Review: Thomistic Evolution
N. Austriaco, O.P., J. Bent, O.P., T. Davenport, O.P., J. Ku, O.P., Thomistic Evolution: A Catholic Approach to Understanding Evolution in Light of Faith. Second Edition, Cluny Media, 2019.
Thomistic Evolution is an attempt to synthesize the catholic doctrines about creation and contemporary scientific evidence for evolution. It is a collaboration of four Dominican scholars who contribute a section of articles from an area of their expertise.
A philosopher, Rev. James Brent, O.P, contributed the first section, which illumines the catholic understanding of faith and reason and the Thomistic approach to natural theology and creation. This section provides the foundation for the whole project.
A physicist, Rev. Thomas Devenport, O.P., wrote the second section of articles focusing on how God is involved in creation, providence, freedom, and the problem of evil.
A theologian, Rev. John Baptist Ku, O.P., composed the third section, which explores the scriptural dimensions of reconciling creation and evolution. This section includes an explanation of Aquinas' approach to interpreting the Bible and a tour of the different readings of the creation stories from the Church Fathers, Aquinas, and modern scholars.
A biologist and theologian, Rev. Nicanor Pier Giorgio Austriaco, O.P., authored the final section on the Church's doctrines about creation, the evidence for evolution, and the historicity of Adam and Eve.
From cover to cover, this is a Thomistic book in both senses of the term. It communicates the thoughts of Aquinas, and it approaches new questions in the mode that Aquinas approached queries. It is faithful to Aquinas, yet not afraid to diverge from his teachings when the evidence invites a reconsideration of the subject.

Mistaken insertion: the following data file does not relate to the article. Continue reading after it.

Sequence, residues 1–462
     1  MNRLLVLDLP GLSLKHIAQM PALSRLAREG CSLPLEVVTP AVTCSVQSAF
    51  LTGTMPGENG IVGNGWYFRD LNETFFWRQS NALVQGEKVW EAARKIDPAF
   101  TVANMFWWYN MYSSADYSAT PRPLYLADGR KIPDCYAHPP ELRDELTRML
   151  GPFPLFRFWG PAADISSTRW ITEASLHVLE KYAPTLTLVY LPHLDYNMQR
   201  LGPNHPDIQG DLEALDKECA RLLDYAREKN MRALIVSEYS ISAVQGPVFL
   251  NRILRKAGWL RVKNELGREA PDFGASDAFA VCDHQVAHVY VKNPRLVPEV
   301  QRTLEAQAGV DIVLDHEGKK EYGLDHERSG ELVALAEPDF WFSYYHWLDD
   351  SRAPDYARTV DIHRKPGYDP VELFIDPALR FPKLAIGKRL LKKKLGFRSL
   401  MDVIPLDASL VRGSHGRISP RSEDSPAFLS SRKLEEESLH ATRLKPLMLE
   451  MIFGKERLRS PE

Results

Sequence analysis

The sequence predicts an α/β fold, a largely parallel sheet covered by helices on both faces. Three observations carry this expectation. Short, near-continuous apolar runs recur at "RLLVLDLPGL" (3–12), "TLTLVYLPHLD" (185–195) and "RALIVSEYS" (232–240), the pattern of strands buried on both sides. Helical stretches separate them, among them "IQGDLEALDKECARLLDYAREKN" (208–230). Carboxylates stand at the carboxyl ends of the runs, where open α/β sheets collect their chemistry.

Fr. Austriaco's argument for the fittingness of God to create through evolution is compelling and enlightening.
"I propose that it was fitting for God to have created via evolution rather than via special creation because in doing so, he was able to give his creation-the material universe and the individual creatures within it-a share in his causality to create. In this way, he more fully communicates his perfection to his creation, thus, more clearly manifesting his glory." p. 144
An exception to this argument is that he agrees with Catholic Doctrine on the special creation of the human soul. He bolsters this argument by pointing out the limited capacity of a single world to sustain species. God reveals his perfection by the diversity of perfections in creatures. Thus, if species have come and gone through time, the same planet can accommodate more species and manifest God's perfection more intensely.
In addition to its primary aim, Thomistic Evolution is an excellent introduction to many aspects of Aquinas' thought and the Catholic perspective on the relationship between faith and reason. It explains terminology with every-day vocabulary and provides many relatable examples. It can serve as an excellent practical entry into the world of Thomism.